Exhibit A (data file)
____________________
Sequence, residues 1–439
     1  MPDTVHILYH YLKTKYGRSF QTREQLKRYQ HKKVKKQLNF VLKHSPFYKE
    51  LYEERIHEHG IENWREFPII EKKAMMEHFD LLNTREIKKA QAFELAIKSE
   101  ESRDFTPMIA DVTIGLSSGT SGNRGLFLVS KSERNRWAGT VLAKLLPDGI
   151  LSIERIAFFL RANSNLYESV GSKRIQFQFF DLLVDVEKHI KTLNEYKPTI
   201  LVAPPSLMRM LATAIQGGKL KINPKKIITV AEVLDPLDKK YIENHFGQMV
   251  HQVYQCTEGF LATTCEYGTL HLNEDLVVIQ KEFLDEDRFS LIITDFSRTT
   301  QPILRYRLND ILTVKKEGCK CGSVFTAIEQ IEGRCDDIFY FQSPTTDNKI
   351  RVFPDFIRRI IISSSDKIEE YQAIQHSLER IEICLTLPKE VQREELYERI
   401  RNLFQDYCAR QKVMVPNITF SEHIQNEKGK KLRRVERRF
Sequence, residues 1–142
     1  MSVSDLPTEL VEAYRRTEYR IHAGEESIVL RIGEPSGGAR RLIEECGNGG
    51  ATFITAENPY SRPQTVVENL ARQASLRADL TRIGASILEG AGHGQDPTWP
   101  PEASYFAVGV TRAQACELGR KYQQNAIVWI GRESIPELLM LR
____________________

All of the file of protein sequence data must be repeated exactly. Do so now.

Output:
Sequence, residues 1–439
     1  MPDTVHILYH YLKTKYGRSF QTREQLKRYQ HKKVKKQLNF VLKHSPFYKE
    51  LYEERIHEHG IENWREFPII EKKAMMEHFD LLNTREIKKA QAFELAIKSE
   101  ESRDFTPMIA DVTIGLSSGT SGNRGLFLVS KSERNRWAGT VLAKLLPDGI
   151  LSIERIAFFL RANSNLYESV GSKRIQFQFF DLLVDVEKHI KTLNEYKPTI
   201  LVAPPSLMRM LATAIQGGKL KINPKKIITV AEVLDPLDKK YIENHFGQMV
   251  HQVYQCTEGF LATTCEYGTL HLNEDLVVIQ KEFLDEDRFS LIITDFSRTT
   301  QPILRYRLND ILTVKKEGCK CGSVFTAIEQ IEGRCDDIFY FQSPTTDNKI
   351  RVFPDFIRRI IISSSDKIEE YQAIQHSLER IEICLTLPKE VQREELYERI
   401  RNLFQDYCAR QKVMVPNITF SEHIQNEKGK KLRRVERRF
Sequence, residues 1–142
     1  MSVSDLPTEL VEAYRRTEYR IHAGEESIVL RIGEPSGGAR RLIEECGNGG
    51  ATFITAENPY SRPQTVVENL ARQASLRADL TRIGASILEG AGHGQDPTWP
   101  PEASYFAVGV TRAQACELGR KYQQNAIVWI GRESIPELLM LR